Prescription for secrecy

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Is your doctor banned from practicing in other states? State licensing system keeps patients in the dark.

Like traveling medicine hucksters of old, doctors who run into trouble today can hopscotch from state to state, staying ahead of regulators.

Instead of snake oil, some peddle opioids. Others have sex with patients, bungle surgeries, misdiagnose conditions or are implicated in patient deaths.

Even after being caught in one state, they can practice free and clear in another; many hold a fistful of medical licenses.

Stories about individual doctors avoiding discipline in a second state have been reported before. An investigation by the Milwaukee Journal Sentinel and MedPage Today shows how widespread the problem is: At least 500 physicians who have been publicly disciplined, chastised or barred from practicing by one state medical board have been allowed to practice elsewhere with a clean license.

And their patients are kept in the dark — even as more become victims — thanks to an antiquated system shrouded in secrecy.

In Colorado, Gary Weiss’ care of a multiple sclerosis patient prompted four doctors to complain to the state medical board when the patient died in 2011. The board and Weiss agreed that he was “permanently inactivating” his license in 2014, meaning he could never get it back.

But in Florida, where Weiss has a long-standing practice, officials applied no restrictions despite malpractice lawsuits from seven other patients in two states, all accusing him of misdiagnosing them with multiple sclerosis.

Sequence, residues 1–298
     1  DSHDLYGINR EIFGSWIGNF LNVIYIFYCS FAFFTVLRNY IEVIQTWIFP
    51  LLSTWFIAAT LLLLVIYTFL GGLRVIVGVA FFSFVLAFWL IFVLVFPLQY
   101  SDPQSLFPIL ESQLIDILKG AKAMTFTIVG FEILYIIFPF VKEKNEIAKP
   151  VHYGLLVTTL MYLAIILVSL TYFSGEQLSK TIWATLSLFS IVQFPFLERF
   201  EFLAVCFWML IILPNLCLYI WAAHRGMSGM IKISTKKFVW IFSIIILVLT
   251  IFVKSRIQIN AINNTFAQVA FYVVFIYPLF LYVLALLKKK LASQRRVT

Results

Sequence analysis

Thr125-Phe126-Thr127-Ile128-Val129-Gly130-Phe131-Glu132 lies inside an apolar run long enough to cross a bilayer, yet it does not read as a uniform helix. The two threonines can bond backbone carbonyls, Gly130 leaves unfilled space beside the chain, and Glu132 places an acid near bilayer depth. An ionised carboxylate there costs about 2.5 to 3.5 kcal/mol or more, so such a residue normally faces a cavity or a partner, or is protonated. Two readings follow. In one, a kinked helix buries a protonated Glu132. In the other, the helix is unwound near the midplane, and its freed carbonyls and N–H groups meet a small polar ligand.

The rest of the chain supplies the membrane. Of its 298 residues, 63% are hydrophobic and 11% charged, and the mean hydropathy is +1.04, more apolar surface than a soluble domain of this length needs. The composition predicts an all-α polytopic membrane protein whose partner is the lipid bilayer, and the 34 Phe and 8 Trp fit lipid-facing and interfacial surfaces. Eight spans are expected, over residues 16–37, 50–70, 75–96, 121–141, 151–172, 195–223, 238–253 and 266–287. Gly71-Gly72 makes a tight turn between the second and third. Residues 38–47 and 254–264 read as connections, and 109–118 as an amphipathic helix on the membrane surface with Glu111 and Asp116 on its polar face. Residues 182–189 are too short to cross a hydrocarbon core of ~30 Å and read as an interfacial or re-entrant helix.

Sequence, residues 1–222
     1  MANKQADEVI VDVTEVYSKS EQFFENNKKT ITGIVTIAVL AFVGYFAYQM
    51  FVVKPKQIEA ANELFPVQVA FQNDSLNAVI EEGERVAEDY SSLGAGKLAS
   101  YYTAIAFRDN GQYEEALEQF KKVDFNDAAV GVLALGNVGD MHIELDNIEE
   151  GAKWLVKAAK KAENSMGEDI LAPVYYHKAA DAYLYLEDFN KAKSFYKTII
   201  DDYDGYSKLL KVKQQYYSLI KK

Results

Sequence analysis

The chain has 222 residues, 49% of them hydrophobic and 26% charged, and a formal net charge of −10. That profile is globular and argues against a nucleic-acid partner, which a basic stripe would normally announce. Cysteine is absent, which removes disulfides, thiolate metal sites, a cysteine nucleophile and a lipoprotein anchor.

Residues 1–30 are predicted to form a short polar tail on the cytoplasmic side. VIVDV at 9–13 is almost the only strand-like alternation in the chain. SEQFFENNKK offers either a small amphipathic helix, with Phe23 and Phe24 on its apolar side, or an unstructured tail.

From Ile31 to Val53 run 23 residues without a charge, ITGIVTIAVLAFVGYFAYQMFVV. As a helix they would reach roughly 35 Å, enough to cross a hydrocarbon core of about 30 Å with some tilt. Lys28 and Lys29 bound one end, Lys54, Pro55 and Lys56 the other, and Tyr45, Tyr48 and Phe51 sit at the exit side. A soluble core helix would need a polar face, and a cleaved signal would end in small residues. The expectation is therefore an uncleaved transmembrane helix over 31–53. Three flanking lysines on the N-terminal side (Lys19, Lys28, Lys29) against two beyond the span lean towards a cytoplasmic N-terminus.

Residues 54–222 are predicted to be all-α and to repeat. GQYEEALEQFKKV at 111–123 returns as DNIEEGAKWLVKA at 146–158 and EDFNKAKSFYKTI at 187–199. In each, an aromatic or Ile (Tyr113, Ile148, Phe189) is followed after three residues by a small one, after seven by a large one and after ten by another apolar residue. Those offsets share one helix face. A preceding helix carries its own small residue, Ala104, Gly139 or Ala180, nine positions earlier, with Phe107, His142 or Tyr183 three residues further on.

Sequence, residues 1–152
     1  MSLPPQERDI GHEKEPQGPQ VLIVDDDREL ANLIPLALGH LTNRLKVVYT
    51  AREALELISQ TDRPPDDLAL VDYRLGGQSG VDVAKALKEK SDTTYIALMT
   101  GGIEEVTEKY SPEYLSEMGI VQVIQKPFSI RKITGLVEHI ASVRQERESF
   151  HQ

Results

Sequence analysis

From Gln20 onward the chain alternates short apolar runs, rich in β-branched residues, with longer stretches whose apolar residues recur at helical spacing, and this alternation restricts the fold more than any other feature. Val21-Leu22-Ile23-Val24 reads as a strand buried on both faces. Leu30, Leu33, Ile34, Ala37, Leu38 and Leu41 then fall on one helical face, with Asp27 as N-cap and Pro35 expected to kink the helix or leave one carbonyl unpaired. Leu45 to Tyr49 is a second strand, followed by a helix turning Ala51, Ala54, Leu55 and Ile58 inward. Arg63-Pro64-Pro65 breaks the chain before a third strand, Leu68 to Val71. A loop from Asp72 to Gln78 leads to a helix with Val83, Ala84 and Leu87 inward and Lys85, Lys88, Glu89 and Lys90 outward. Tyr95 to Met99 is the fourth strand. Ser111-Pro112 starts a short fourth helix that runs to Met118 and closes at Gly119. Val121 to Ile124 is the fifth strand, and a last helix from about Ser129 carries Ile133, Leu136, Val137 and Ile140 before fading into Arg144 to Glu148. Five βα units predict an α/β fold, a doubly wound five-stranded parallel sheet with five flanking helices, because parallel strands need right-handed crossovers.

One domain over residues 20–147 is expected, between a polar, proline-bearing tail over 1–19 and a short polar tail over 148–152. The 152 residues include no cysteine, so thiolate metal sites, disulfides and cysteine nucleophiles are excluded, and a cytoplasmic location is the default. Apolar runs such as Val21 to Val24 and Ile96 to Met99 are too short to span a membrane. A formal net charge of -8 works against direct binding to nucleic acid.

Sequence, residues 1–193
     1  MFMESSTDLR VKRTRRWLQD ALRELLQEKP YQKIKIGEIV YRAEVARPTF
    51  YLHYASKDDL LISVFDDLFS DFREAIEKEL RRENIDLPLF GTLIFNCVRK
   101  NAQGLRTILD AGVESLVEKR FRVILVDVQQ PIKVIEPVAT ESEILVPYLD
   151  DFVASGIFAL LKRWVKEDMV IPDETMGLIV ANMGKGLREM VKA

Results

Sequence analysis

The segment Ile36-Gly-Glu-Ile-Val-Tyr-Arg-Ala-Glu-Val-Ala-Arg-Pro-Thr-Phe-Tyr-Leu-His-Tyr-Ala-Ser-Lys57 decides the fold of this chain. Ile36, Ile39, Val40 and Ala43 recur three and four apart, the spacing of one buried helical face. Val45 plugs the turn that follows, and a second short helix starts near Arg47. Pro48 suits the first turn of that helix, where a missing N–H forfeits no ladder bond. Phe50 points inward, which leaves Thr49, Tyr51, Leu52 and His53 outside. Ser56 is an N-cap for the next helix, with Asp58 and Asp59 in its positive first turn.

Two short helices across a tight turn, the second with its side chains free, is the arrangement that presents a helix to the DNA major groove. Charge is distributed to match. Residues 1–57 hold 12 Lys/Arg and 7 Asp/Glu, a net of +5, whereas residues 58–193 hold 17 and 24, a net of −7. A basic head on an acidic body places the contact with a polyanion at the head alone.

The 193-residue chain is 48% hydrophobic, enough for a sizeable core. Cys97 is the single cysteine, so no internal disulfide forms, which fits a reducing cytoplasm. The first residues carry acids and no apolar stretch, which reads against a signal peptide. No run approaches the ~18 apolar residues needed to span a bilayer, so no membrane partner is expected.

Plastic surgeon John Siebert had sex with a patient in New York, got his license suspended for three years and was permanently ordered to have a chaperone in the room with any female patients. But he operates free of medical board restrictions in Wisconsin. In fact, he was appointed to an endowed chair at the University of Wisconsin-Madison, funded in part by billionaire Diane Hendricks, a patient and a major political contributor to Gov. Scott Walker.

Look up Jay Riseman on the website of the Division of Professional Registration in Missouri, where he practices as a hospice doctor: It lists no disciplinary history, no red flags.

But in Illinois, where a medical board official once called him an “imminent danger to the public,” the families of three patients who died remain haunted by what he did. Riseman continues to practice, despite having prescribed massive amounts of pre-surgery laxatives to infants and failing to act in the case of an older woman with a blood infection.

Among the more than 500 doctors identified by the Journal Sentinel and MedPage Today, the single biggest reason for board action was medical errors or oversights. One fifth of the cases were a result of putting patients in harm’s way.

All have slipped through a system that makes it difficult for patients, employers and even regulators in other states to find out about their troubling pasts.



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